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Unveiling the Entrepreneurial Spirit: The Motivations of Refugees Amid Crises

In recent times, there has been a burgeoning interest in deciphering the driving forces behind entrepreneurship and the enduring value created by small and medium-sized enterprises (SMEs) on a global scale. Despite the pervasive factors influencing SME internationalisation, scant research has delved into the entrepreneurial aspirations of refugees despite the significant global upheavals, such as the Syrian civil war, which have displaced millions of people. These crises have particularly impacted small businesses, especially those initiated by refugees.

Jordan, renowned for its historical hospitality towards refugees, has witnessed multiple waves of involuntary migration, most recently due to the Syrian conflict. This influx has substantially affected the country’s economy, given its constrained resources and infrastructure. Many refugees have turned to entrepreneurship for economic integration, but the motivations behind their endeavours remain largely unexplored compared to native Jordanians. In contrast to wealthier Gulf states, Jordan lacks comprehensive government support for entrepreneurship, which may incentivise both refugees and locals to start businesses for survival.

Such elements have created a challenging economic landscape, impacting not only businesses but also the intentions and motivations of entrepreneurs. Refugees have been disproportionately affected by the pandemic due to the lack of support from authorities, rendering them particularly vulnerable. This crisis has compelled governments to make tough choices regarding support for their own citizens versus refugees, significantly affecting economic policies, refugee resettlement, and asylum programs. This predicament leaves many refugees in a precarious situation.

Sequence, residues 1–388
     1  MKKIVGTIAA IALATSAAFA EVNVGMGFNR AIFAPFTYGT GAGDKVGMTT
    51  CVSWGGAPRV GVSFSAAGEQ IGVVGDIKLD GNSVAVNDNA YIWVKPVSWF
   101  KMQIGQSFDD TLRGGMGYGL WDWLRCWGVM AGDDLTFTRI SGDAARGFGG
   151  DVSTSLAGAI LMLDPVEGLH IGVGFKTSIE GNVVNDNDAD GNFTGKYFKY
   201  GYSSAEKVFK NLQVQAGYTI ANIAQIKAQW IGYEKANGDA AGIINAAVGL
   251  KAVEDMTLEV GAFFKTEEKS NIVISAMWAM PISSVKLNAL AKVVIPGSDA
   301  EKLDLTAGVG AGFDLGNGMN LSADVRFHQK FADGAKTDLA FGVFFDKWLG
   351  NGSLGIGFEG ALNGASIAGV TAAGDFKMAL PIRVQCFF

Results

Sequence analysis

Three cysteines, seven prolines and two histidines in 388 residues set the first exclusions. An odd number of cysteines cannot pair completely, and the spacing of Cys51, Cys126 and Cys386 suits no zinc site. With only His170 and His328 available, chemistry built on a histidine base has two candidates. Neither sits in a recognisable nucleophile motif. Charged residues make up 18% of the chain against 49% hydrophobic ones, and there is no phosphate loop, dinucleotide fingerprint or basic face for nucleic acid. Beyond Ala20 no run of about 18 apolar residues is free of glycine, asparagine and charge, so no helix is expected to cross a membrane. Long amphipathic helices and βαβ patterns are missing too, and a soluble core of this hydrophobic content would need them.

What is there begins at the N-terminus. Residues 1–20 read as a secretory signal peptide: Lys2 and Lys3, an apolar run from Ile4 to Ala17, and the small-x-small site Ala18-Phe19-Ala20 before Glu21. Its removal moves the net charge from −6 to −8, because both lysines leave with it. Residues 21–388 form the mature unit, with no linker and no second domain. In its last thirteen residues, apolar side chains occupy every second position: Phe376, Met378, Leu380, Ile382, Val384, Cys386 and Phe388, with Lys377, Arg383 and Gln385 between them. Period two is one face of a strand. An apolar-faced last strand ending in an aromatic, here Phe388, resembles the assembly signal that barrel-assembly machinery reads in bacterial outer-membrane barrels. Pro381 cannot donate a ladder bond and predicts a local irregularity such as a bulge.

The empirical study contributes to the ongoing discourse on entrepreneurship during crises and the unique challenges faced by refugees, who often find themselves among the most vulnerable in society. A model with three variables is utilised: the desire for self-employment, risk tolerance, and self-efficacy, to understand the factors influencing people’s choice of entrepreneurship.

A strong desire for self-employment is found to be positively related to the intention to become an entrepreneur, aligning with previous research findings. Tolerance for risk also plays a significant role, with a positive relationship to entrepreneurial intention. Individuals who believe in their ability to perform entrepreneurial tasks, known as self-efficacy, are more likely to consider entrepreneurship as a viable option.

However, disparities in risk tolerance and self-efficacy exist between Syrian refugees and Jordanian citizens concerning their entrepreneurial intentions. These differences challenge the common belief that risk tolerance is higher for opportunity-based entrepreneurs compared to necessity-based entrepreneurs. Additionally, gender differences come into play, with men typically displaying a greater willingness to take risks than women. This aspect could be a contributing factor to variations in risk tolerance.

There is a need to develop new approaches that account for the unique challenges refugees face in hostile environments. Gender disparities in developing economies, particularly within the context of refugee startups during crises, should also be explored further. Given the current crisis, social integration has become even more critical for both society and refugees.

In conclusion, self-efficacy, risk tolerance, and the desire for self-employment are crucial factors shaping the entrepreneurial intentions of Syrian refugees in comparison to Jordanian citizens. Practical insights are provided for supporting refugees in their entrepreneurial endeavours and underscore the necessity for further exploration of this topic, given its relevance in the context of global migration and economic uncertainty.

Insights by: Dr Jay Wasim and Parnia Ahmed